Electric Vehicles: Naughty or Nice?

By Bill Moore

Posted: 26 May 2010

I am starting to wonder if it isn't time we stopped touting the environmental virtues of electric vehicles, and started emphasizing their "naughty" side. After all, since when did anyone ever get excited about being virtuous? Surely, being "green" doesn't mean you have to be a saint.

In writing about the consumer adoption of curve in The Wringer Washer Vs. The Electric Car I theorized that part of the reason it took half century for the clothes washer to reach 80% of U.S. households was because they were appliances of convenience for women, not men; and as long as women stayed home, there wasn't the need to innovate: wringer washers evolved little from their introduction in the late 1920s until well into the 1960s.

If, however, you look at the adoption curves for VCRs, computers and the Internet, they rocket to 60% of households in less than a decade. Part of the reason is the rapidly falling price of technology, of course, as well as expanding usefulness. It's also been estimated that a significant driver for all three is sex, from sexy celebrity wallpaper for your computer screen to hardcore porn, it's all there for the download. As much as we might not like to admit it, "sleaze" helped propel all three.

Now, I am not advocating we start showing naked women -- or men - draped over the hoods of Volts and Karmas, the later not to be confused with the kama sutra, of course. Instead, I am suggesting -- somewhat tongue-in-check, mind you -- that we stop portraying EVs as chaste, pristine, protectors of the environment; as the good angel on our right shoulder, and start to think more about their "naughty" nature; that little devil on our left shoulder who keeps whispering, 'go ahead, enjoy yourself.'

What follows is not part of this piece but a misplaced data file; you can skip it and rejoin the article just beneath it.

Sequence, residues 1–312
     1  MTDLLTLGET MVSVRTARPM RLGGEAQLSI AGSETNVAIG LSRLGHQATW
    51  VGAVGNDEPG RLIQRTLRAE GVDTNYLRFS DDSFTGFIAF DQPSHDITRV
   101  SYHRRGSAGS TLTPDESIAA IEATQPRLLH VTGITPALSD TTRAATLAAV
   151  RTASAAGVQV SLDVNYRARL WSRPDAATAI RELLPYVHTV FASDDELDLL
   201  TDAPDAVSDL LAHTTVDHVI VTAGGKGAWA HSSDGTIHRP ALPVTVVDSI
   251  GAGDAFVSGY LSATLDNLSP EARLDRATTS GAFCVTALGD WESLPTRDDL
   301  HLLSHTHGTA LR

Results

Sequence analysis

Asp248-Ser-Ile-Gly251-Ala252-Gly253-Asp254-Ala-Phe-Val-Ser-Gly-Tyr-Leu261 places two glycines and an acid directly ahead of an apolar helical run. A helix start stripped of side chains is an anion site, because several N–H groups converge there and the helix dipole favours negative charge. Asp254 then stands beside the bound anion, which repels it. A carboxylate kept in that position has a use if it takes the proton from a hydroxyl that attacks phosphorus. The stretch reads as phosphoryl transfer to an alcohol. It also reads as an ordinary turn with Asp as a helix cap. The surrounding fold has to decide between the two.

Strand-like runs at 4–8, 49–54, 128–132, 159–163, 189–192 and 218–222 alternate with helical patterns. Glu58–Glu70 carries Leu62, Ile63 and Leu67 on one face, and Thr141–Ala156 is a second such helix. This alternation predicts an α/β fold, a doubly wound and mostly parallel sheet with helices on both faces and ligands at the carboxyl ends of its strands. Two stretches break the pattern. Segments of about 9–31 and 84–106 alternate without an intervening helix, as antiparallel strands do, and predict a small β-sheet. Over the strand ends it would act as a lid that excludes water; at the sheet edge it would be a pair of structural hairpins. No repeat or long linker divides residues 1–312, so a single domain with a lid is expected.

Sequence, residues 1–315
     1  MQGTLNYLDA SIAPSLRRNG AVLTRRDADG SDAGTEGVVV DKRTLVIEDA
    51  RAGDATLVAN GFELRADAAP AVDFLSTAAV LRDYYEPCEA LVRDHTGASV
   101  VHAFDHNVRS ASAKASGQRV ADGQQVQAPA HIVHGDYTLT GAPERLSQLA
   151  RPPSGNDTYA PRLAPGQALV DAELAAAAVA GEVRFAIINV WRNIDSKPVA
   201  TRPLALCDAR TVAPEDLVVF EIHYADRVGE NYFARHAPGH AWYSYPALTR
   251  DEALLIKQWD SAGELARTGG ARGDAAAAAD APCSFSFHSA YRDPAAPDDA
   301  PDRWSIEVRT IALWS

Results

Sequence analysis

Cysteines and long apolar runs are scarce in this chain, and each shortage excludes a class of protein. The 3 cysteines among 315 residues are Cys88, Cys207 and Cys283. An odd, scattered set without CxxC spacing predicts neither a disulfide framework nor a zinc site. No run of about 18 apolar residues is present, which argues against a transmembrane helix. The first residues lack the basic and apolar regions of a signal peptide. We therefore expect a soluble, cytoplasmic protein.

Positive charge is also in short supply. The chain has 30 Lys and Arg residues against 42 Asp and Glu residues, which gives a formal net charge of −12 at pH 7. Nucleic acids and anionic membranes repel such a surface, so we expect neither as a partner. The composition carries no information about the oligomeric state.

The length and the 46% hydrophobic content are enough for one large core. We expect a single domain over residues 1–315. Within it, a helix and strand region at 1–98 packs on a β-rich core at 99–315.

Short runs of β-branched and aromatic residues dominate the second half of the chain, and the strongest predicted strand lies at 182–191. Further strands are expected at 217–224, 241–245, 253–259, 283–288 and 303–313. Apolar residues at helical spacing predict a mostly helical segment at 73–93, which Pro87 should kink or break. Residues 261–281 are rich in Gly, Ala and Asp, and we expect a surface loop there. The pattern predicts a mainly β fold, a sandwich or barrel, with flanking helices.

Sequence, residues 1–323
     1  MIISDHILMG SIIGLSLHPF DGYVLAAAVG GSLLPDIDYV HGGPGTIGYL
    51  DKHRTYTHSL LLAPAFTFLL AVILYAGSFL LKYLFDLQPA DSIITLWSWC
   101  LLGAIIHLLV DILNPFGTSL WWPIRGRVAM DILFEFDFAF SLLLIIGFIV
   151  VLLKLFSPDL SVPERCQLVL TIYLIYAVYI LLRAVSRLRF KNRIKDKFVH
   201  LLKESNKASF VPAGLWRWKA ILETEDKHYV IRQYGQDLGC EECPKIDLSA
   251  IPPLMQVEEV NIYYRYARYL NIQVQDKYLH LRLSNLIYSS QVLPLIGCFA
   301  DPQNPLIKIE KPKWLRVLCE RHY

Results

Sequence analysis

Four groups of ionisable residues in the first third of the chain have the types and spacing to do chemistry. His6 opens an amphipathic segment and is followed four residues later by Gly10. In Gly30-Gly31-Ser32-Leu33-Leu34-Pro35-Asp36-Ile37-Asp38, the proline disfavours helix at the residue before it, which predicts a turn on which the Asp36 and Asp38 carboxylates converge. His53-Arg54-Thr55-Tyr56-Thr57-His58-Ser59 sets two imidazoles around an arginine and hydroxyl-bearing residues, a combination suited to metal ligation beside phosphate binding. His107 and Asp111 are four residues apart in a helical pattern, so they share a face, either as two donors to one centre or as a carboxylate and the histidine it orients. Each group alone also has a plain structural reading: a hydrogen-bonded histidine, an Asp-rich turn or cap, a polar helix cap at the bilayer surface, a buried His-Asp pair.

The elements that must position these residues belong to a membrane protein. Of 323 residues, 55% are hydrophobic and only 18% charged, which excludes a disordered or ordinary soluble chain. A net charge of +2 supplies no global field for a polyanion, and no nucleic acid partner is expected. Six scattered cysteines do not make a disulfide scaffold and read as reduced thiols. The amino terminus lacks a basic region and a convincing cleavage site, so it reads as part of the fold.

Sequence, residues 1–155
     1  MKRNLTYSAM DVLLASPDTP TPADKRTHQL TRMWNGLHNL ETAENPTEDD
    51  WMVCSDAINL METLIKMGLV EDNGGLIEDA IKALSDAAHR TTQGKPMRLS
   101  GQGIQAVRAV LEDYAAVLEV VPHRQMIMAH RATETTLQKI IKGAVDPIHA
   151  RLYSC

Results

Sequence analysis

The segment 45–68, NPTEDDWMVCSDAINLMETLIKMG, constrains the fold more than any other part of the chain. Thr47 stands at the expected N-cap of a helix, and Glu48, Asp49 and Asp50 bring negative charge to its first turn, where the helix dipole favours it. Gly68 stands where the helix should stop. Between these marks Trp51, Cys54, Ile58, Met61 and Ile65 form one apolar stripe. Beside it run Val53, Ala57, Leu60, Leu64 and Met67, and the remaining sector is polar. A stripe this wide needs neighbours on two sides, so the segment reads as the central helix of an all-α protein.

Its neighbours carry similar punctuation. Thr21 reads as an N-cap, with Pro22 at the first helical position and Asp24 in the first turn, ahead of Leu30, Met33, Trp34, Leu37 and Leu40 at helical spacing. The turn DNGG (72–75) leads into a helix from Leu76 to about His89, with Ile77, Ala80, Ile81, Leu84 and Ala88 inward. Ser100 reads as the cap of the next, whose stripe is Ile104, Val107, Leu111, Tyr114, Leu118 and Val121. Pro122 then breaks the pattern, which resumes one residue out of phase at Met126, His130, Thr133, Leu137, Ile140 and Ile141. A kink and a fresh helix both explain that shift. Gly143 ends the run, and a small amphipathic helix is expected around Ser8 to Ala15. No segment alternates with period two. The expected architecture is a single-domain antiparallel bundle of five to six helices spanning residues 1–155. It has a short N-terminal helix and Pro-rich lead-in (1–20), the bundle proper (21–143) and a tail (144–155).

Car designers -- and advertising agencies -- already try to do that through sensual styling that clearly takes its cue from the female form, as illustrated by the Infiniti M advertisement that I photoshopped over the top of a supine nude.

Assuming for the sake of argument, if only briefly, what are some of the characteristics that we might wish to play up if we take this line of thinking? Daring? Naturally. Think of Killacycle screaming down the drag strip.

A bit risque? Yes. Since when is 0-to-60 in under 4 seconds off a traffic light "legal"?

Rebellious? Of course. How much more anti-establishment can you get than driving a vehicle that uses little, or better yet, not a damned drop of filthy petroleum? Talk about 'stick'n it to the man.' Here's my one-finger salute to BP, Shell, Exxon, etc., and all their corporate shills in all those well-heeled, right-wing 'think tanks,' PR firms, and in-their-hip-pocket-politicians.

Mysterious? Oh, yeah! How the hell do these things work and what would I do if I owned one?

Forbidden? Absolutely. How long has society told you they won't work? They're too expensive? They're impractical?

Pleasurable? Oooh! Just this side of orgasmic. What do you think that 'EV smile' is all about?

Let's be honest, why do you think the Tesla Roadster suddenly captured everyone's imagination? Every guy on the planet could envision himself silently trolling Venice Beach with its bikinied skaters or racing along the Pacific coast north of Malibu in one of these. It's fast, sleek and about as "bad-ass" as you can get and still be legal, as well as "environmentally-responsible."

This isn't to say that every EV should be a low-slung, sexed-up, sports car: God forbid. I had enough trouble squeezing my aging frame into and out of the first Tesla I ever rode in. No, what I am trying to say we need to change the public's perception of electric cars so that we're not always defending their shortcomings. Want to get the adrenaline flowing, the blood coursing, the hormones raging... and people talking? Then EVs need to be perceived as just a tiny bit illicit, slightly promiscuous, and very, very naughty.

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